With the client in beta, there are bound to be some hiccups in performance and while the majority of my playtime was glitch or frame rate dip free, participating in the Ishgard Restoration’s new Fêtes brought both of those right to the forefront. With so many players in one place, performance takes a noticeable hit and nameplates above players, NPCs, and objects begin to flicker in and out of existence. I haven’t had the chance to compare this with my PC version yet but it’s handled similar situations well and, being only marginally more powerful than the PS5, this doesn’t feel like it should be happening to the extent that it is on console. Again, the client is still in beta so it’s likely this will be remedied to some extent.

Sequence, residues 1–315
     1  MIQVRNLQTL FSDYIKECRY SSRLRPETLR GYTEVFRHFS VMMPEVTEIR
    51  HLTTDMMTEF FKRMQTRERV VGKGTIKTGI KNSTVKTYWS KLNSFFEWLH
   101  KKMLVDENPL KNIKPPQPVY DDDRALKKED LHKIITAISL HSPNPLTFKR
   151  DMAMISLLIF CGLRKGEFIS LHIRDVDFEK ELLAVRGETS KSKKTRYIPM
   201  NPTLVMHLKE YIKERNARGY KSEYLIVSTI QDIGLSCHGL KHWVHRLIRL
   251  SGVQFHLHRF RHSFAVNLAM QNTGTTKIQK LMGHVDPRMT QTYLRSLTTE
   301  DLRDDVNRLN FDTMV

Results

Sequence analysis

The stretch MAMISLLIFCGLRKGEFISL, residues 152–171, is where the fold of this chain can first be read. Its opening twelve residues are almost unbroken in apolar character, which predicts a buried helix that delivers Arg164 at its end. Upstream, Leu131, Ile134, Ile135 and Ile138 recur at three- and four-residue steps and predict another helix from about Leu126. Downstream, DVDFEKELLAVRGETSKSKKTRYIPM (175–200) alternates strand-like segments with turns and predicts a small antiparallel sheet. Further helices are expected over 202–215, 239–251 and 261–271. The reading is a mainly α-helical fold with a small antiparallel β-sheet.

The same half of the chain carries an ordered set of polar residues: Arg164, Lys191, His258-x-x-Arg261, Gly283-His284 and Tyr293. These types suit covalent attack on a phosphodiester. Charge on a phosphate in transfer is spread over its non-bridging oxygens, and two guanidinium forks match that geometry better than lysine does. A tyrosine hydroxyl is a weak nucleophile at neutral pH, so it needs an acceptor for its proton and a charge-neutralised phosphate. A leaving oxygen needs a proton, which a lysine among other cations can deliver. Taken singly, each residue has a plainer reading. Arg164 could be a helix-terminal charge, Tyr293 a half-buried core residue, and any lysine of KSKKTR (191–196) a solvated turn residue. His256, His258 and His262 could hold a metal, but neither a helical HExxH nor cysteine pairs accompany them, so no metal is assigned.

Of course, with a new patch comes new content and 5.5 part one adds more main story quests, finishes up the Sorrow of Werlyt and NieR crossover storylines. I haven’t touched the Werlyt quest and its Diamond Weapon trial yet, but I did really enjoy Alisae’s interactions with returning character Estinian and the Tower at Paradigm’s Breach raid which references Drakengard 3 quite a bit. Given that this is only half of patch 5.5, I did feel like there wasn’t much accomplished in the story, especially since we’re supposed to be heading into Endwalker this Fall.
With all this in mind, I think I’ll find myself going back and forth between PC and PS5 frequently. I really enjoyed playing through the main scenario quests added this patch with the bump in visual fidelity, but being more social is just easier on PC. Along with having a keyboard readily available, being able to tab out of the game to, say, discord and message a friend is extremely helpful. Console only players, however, will find this to be a great improvement over the PS4 version and I hope to see similar leaps in quality for my go to MMO in the future.